New Concussion Survey Reveals Majority of Adults are Unable to Recognize Common Concussion Symptoms

Abbott (NYSE: ABT) has conducted a survey that reveals that a large number of adults in the United States lack basic understanding about concussion signs and symptoms, risk and treatment.

Its Concussion IQ Survey, conducted by KRC Research in partnership with Abbott, polled more than 1,000 adults in the U.S. (over the age of 18) and “aimed to understand general awareness and perceptions of concussion. The key findings include:

  • Adults are five times more likely to seek medical attention for a broken bone compared to if they thought they had a concussion.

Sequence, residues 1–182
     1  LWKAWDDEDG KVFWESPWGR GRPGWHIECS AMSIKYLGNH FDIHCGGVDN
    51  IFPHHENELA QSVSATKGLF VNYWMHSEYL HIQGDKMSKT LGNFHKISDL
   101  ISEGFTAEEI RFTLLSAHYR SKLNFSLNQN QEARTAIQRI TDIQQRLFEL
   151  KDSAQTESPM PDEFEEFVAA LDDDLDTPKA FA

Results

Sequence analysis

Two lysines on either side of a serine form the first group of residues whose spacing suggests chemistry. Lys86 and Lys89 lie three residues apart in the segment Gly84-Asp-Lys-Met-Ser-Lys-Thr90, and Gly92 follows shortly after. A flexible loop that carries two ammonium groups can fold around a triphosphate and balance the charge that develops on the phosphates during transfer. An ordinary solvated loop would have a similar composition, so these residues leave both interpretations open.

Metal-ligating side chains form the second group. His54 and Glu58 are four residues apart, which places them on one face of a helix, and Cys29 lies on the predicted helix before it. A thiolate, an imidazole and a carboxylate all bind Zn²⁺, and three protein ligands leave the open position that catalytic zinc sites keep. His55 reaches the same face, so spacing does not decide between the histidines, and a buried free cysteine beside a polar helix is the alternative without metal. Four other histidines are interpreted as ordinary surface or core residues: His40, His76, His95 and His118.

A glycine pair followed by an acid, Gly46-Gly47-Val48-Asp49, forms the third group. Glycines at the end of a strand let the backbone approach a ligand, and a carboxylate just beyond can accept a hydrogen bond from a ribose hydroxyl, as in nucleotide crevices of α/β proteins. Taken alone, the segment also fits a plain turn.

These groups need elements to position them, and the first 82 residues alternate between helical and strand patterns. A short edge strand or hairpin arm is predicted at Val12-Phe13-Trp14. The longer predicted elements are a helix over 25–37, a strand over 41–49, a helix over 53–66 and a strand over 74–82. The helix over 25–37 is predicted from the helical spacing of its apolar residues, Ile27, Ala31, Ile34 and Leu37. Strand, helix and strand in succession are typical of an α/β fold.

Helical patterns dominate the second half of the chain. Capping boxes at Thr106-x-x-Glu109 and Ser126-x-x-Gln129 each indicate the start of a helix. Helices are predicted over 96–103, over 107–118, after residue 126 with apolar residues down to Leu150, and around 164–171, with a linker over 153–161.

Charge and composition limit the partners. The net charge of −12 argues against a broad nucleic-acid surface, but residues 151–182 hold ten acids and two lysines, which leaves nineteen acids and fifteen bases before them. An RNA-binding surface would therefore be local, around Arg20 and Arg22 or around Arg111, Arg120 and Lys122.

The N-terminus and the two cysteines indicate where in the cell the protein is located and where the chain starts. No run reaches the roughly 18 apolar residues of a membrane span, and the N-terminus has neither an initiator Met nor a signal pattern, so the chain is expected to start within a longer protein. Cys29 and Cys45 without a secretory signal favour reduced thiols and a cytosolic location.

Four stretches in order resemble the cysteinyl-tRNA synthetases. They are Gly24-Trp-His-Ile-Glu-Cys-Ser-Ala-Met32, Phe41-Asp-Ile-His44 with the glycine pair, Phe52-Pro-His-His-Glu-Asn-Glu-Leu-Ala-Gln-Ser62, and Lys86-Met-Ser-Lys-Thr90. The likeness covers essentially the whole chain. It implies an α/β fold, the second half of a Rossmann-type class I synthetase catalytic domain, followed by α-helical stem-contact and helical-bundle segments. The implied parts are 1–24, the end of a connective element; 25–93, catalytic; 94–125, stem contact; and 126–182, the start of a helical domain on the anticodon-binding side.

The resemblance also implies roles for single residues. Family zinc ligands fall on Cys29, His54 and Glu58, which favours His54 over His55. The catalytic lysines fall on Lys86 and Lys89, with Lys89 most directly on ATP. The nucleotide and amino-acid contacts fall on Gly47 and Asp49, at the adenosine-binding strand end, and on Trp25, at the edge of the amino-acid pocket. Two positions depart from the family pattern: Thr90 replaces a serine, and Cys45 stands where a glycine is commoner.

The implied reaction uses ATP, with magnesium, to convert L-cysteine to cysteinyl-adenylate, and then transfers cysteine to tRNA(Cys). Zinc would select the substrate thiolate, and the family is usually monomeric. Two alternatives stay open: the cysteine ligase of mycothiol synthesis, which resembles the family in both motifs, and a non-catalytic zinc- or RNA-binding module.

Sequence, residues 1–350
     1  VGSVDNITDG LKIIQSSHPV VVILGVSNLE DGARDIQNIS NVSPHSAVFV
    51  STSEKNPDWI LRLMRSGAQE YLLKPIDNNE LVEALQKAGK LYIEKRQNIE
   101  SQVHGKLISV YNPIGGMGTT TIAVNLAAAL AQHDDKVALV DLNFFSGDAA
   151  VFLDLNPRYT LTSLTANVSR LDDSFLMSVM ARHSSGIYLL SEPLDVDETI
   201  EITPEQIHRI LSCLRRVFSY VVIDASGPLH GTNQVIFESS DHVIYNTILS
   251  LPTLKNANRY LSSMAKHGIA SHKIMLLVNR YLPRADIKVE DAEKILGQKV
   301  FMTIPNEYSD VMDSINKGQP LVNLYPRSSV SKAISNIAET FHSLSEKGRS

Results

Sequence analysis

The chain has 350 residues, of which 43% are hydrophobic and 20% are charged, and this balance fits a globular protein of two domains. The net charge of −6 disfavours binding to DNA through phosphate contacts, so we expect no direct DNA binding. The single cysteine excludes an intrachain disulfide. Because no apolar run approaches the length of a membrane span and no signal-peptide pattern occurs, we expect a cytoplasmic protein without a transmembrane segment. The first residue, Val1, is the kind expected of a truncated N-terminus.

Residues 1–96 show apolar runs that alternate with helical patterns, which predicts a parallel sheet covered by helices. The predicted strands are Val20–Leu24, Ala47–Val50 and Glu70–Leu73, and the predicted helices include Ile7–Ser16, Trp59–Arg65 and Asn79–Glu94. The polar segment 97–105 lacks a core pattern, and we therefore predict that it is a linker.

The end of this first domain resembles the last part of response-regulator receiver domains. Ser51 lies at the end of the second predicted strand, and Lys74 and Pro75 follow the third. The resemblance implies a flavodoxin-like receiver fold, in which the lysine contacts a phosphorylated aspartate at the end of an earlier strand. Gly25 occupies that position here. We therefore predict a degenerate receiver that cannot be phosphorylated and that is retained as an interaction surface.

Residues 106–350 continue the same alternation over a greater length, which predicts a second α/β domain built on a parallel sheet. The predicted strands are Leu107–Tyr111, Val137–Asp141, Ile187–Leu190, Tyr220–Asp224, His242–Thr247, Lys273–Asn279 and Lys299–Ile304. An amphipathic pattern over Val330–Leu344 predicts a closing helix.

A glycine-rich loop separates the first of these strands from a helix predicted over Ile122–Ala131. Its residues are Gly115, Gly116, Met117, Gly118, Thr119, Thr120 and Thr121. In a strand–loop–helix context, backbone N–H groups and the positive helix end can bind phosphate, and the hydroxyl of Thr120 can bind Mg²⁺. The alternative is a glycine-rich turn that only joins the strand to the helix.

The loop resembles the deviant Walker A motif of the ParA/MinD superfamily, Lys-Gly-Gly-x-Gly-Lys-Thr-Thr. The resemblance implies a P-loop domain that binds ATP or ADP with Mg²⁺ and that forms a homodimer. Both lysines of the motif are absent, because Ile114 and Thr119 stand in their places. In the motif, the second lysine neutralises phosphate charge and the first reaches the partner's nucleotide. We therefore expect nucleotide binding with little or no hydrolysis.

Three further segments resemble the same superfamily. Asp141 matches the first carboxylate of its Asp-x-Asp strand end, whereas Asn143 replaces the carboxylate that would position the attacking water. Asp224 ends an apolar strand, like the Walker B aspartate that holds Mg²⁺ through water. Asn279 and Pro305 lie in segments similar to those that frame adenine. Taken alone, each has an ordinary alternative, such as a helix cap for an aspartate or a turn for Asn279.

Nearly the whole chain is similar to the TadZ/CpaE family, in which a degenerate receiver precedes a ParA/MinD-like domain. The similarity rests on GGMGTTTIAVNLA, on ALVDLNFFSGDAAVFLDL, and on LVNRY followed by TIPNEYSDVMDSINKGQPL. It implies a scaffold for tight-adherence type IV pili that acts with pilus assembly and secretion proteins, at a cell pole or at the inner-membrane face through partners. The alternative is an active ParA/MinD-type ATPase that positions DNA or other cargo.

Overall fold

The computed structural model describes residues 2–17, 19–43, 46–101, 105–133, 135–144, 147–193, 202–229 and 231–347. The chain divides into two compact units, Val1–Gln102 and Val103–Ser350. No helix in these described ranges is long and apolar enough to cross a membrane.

• Six in 10 adults don’t understand that treating a concussion includes mental rest, which may mean limiting time spent on cell phones, watching TV and other activities that could worsen symptoms.
  • More than 80 percent of adults believe a person should not sleep and be woken up periodically after being diagnosed with a concussion.
  • 64 percent of adults say they did not seek medical attention the last time they hit their head very hard, but 9 in 10 people would seek medical attention for a child.
  • Almost 70 percent of parents would not send their child to school the day after they hit their head very hard, but over half say they would still go to work or school themselves after a hard hit to the head.

“Based on the survey results, it is clear there is a need to build more awareness and understanding about concussion,” says Dr. Beth McQuiston, board-certified neurologist and medical director, Diagnostics, Abbott. “Parents, athletes, coaches and beyond need to be able to recognize signs of concussion to help people seek proper care and rest.”

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